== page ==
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What is a Digital Wallet and How Do I Pay With One?

May 21, 2020

These days, more and more people are using digital wallets such as Google Pay and Apple Pay when making in-store purchases.

While credit cards negate the need of carrying wads of cash wherever you go, digital wallets do away with the need to carry around multiple credit cards in your pocket.

This is because you can link credit and debit cards to your mobile wallet. Once information about various cards has been fed into the app, you can use it to make any type of purchase that you like.

Using your digital wallet to get the most out of your rewards cards

Most digital wallets set up (or ask you to choose) a default card for making payments.

This is the card that is automatically chosen by the wallet whenever you want to purchase anything.

For certain apps, you must manually choose a card that will, by default, act as the payment card for various purchases.

Some apps automatically assign the last card that was used for payment as the default card.

This card - that is, the card that is used by default for making payments - is also known as the “top of the wallet” card.

To get the most out of your rewards cards, the first thing you need to do is understand their rewards patterns.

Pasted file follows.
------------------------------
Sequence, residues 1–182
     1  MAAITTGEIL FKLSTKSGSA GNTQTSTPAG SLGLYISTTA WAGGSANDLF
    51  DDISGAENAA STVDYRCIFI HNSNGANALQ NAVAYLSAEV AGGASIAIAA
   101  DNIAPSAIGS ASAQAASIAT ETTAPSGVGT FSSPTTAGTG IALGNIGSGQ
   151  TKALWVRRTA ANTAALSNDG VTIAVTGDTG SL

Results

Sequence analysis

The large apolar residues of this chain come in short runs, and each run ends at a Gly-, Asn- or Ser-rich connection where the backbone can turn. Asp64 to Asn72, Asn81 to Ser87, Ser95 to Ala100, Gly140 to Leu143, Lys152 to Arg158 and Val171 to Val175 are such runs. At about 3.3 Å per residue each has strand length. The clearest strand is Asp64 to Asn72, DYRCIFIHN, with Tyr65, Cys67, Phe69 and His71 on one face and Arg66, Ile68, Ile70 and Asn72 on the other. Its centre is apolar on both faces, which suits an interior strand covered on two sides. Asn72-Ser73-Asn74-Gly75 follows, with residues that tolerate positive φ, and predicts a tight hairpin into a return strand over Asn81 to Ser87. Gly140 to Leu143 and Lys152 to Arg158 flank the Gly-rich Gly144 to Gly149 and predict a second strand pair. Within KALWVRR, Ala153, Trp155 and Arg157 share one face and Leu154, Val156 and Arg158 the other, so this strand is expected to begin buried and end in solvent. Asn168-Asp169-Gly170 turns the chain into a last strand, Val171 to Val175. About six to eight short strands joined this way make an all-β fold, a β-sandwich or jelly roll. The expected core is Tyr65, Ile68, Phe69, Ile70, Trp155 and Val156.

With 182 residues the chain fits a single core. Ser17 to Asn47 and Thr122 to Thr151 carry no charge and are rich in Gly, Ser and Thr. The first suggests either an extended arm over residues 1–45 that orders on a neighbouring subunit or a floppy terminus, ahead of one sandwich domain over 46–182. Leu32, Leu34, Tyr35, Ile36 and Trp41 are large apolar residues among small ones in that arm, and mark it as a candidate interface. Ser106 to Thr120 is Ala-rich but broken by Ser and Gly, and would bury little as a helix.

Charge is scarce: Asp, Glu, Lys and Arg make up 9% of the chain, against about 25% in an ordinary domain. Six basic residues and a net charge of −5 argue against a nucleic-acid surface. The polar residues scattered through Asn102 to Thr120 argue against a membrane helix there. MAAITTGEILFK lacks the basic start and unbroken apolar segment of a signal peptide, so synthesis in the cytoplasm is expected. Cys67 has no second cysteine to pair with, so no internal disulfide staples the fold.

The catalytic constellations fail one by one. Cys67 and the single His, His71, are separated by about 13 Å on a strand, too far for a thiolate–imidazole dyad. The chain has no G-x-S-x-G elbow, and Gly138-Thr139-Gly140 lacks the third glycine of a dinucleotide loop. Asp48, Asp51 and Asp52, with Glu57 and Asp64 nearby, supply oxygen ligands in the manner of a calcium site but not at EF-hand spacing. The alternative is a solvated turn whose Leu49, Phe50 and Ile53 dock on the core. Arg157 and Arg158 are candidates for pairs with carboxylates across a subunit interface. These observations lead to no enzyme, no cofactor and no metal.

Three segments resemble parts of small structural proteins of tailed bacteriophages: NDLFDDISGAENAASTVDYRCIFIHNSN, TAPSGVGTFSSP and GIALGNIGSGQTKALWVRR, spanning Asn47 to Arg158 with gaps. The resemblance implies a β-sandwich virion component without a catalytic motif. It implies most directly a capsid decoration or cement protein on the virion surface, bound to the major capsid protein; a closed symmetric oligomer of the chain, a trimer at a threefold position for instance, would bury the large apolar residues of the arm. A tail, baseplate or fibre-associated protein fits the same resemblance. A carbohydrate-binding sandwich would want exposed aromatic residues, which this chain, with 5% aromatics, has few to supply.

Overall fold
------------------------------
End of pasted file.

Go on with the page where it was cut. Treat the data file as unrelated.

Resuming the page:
While some cards provide flat cashback on all purchases, others allow you to earn points and miles when you spend through them.

Other cards reward you more when you spend on certain categories, such as gas, groceries, and restaurants.

You must also understand whether the credit card you’ve signed up for is offering sign-up bonuses.

For example, your card may offer you 20,000 points if you spend $2,000 within three months of signing up.

Once you have the rewards of all your cards figured out, the next step is to determine which card should be made the default payment card.

If a card is offering a sign-up bonus if you earn a certain number of points within the first three months, then it makes sense to make that card as the default payment card – at least for the first three months after you’ve signed up for it.

As far as cards that reward you for spending on rotating categories are concerned, you should first figure out your spending patterns.

For example, if you find that you usually purchase gas and groceries over the weekend, you should figure out if there’s a card that rewards you specifically for spending on these categories.

Then, make that card your default card over weekends.

In case there are no spending patterns that you can identify, you might figure out which card provides the highest rewards overall, and then make that your default payment card.

Of course, if you are someone who has trouble keeping up with rewards points and their expiration dates, then it may make sense to make the default payment card the one that offers the highest cashback.

This way you don’t have to worry about redeeming your earned points before they expire.

To get the most out of your rewards card, figure out both your spending habits and your ability to manage various types of rewards.

Once you have an idea about these two things, you can choose the default payment card that will help you get the most rewards.

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Ari Page Ari Page is the CEO of Fund&Grow. He resides in Spring Hill, Florida with his wife and two children.

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